Stretching the boundaries of yoga
The practice, associated mostly with the health-conscious affluent, may offer low-cost treatment for back pain and other ailments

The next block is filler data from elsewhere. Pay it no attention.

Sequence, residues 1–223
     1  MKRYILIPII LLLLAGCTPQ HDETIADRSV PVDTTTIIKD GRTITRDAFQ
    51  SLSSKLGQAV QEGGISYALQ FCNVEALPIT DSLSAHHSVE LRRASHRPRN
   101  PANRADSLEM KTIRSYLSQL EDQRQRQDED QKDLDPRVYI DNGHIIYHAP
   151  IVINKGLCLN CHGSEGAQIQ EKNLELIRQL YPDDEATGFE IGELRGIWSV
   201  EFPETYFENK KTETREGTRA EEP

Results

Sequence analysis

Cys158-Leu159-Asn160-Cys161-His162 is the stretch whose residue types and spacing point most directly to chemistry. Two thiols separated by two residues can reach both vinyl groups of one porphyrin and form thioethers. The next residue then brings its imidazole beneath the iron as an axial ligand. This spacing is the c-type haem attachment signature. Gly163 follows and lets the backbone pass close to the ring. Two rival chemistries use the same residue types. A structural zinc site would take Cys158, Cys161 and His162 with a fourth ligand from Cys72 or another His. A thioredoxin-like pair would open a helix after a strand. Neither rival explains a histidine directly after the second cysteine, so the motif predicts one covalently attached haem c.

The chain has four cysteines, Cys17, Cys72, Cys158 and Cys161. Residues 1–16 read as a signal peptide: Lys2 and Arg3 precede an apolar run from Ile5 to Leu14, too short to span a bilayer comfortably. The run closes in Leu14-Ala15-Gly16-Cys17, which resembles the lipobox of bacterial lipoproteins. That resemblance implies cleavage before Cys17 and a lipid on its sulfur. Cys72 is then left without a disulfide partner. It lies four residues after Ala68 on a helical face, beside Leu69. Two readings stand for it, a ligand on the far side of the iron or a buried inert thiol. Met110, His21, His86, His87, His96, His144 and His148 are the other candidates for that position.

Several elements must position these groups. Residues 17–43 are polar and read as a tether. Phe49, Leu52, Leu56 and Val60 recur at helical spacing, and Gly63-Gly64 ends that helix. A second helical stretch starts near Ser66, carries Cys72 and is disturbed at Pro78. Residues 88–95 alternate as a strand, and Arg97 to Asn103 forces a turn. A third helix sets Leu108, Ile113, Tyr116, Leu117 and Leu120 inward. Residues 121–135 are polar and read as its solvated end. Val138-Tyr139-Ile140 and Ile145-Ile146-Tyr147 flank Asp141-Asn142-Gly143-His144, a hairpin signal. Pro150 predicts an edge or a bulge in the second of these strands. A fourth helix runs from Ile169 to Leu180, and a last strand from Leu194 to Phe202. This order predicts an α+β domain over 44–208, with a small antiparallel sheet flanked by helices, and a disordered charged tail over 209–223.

A yoga class held at Boston Medical Center lobby features postures for people with back pain. It was a prototype for an ongoing study exploring the use of yoga in the city’s poorer neighborhoods. “You have yoga studios on every corner in Wellesley,’’ says Dr. Robert B. Saper, director of integrative medicine at BMC. “That’s not the case in Roxbury.’’ Studies have shown that yoga can ease and low-back pain. But until now, all been done on predominantly white, educated, affluent populations, Saper says.